In the Basement of the Ivory Tower

In the Basement of the Ivory Tower

Confessions of An Accidental Academic

Book - 2011
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As his house starts falling apart in every imaginable way, Professor X grabs first one, then two jobs teaching English 101 and 102-composition and literature-at a small private college and a local community college. This is the story of what he learns about his struggling pupils, about the college system-a business more bent on its own financial targets than the wellbeing of its students-about the classics he rediscovers, and about himself. --from publisher description
Publisher: New York : Viking, 2011
ISBN: 9780670022564
067002256X
Branch Call Number: 378.12 P9429I 2011
Characteristics: xxiii, 258 p. ; 22 cm

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stewstealth
Jul 09, 2015

An entertaining look at human frailty and desires set in college English courses. Professor X asks what the value of a college degree is if everyone has one. No doubt education is always important, however much of the drive for a college degree is increased earnings potential, not knowledge. Correctly asks questions if people should be drowning in debt to complete college degrees and should colleges accept students ( and their money ) when that student has little chance to pass. A very interesting and well written book. Definitely worth reading. The only thing I think he missed was that soon, since everyone has a college degree,, employers will start asking for a requirement of a post graduate degree and then we can keep the cycle going ad infinitum.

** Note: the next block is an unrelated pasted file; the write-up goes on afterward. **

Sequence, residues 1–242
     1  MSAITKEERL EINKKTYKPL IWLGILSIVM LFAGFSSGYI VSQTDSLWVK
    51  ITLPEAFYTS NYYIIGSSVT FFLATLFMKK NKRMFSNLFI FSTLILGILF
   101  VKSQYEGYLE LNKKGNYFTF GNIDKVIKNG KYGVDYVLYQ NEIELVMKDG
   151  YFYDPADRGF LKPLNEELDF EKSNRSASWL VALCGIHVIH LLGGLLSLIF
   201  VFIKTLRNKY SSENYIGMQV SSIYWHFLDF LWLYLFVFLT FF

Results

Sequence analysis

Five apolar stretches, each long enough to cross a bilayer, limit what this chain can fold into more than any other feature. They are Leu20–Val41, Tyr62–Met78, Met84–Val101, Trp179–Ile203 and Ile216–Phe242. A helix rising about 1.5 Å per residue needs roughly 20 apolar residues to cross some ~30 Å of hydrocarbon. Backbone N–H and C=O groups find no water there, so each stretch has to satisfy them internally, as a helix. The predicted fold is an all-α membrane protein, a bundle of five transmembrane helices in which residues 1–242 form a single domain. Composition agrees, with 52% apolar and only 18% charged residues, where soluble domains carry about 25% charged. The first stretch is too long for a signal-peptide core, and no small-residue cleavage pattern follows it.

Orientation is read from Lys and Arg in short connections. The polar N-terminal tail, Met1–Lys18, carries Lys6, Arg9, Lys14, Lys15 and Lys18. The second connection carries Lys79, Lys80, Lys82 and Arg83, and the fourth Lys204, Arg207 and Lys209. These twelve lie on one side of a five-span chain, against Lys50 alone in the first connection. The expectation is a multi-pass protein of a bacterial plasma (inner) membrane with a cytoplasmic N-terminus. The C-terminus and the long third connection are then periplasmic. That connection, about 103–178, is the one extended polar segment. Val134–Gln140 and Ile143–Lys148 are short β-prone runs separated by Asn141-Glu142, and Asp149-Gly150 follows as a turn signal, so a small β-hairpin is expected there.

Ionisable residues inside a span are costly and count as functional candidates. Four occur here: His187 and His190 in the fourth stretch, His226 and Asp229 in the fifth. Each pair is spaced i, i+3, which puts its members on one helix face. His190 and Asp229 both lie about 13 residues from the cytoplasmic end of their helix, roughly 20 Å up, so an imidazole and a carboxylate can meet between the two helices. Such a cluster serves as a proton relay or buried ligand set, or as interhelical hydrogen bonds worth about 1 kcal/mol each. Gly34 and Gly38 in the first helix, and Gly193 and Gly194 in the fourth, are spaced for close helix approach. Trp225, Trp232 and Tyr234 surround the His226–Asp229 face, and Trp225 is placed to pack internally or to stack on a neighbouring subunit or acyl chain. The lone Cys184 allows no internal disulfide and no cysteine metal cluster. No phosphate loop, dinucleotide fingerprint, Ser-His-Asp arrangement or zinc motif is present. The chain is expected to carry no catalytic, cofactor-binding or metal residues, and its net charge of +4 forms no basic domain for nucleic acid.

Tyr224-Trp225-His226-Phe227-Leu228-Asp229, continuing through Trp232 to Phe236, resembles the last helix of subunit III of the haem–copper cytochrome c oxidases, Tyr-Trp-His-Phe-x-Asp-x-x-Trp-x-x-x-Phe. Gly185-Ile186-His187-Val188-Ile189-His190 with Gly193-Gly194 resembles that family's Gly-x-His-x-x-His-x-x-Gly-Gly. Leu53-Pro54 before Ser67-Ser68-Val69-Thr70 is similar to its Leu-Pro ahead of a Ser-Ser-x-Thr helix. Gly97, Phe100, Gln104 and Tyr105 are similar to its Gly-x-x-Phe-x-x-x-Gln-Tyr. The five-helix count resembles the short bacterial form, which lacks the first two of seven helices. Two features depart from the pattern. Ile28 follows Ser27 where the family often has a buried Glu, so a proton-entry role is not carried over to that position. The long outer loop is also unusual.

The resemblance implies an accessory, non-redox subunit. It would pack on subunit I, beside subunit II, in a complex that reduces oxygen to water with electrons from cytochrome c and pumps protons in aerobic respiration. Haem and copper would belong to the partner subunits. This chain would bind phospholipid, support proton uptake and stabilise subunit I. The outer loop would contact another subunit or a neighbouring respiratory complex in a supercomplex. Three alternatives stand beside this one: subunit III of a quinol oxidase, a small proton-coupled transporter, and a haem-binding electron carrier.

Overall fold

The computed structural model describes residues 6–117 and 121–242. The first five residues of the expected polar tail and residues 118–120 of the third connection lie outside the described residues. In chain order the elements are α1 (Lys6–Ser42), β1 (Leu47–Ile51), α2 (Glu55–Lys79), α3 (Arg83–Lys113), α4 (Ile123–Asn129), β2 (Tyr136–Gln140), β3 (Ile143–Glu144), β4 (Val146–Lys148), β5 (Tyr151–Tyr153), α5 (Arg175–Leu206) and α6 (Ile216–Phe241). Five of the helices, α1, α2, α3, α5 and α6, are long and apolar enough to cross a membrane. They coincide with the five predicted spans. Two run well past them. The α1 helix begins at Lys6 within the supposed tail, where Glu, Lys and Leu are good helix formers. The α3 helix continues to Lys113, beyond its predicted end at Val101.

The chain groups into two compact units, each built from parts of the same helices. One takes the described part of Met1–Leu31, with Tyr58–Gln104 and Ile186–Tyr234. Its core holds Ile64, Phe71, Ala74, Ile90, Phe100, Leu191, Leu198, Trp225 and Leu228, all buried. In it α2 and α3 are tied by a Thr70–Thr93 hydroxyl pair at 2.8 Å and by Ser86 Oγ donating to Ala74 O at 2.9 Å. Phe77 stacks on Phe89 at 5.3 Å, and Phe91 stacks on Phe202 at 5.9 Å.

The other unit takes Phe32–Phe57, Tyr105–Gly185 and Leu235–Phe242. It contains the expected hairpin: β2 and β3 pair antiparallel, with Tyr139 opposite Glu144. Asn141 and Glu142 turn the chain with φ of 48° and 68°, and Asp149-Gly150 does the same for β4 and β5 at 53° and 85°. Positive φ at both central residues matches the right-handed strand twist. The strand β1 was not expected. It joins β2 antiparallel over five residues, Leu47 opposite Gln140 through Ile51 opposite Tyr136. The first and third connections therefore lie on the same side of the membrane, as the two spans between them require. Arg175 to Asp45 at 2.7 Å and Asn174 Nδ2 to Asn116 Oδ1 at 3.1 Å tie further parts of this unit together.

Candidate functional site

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megaculpa
Aug 01, 2013

As the title suggests, this book presents a very personal view of the fastest-growing cohort of higher education: technical students attending for-profit colleges. They're all required to take first-year courses in English composition and literature, which is where Professor X comes in, teaching night school students struggling to obtain enough college credits to become nurses and police officers. He demonstrates how vastly under-prepared American high school grads are for the demands of college and the absurdity of a job market that forces them into an impossible situation. If this sounds like a dry thesis, it isn't. The book is enlivened by stories of Professor X's own financial struggles, his rediscovery of the capacity of literature to inform our lives and his empathy for the aspirations of his students. Highly recommended.

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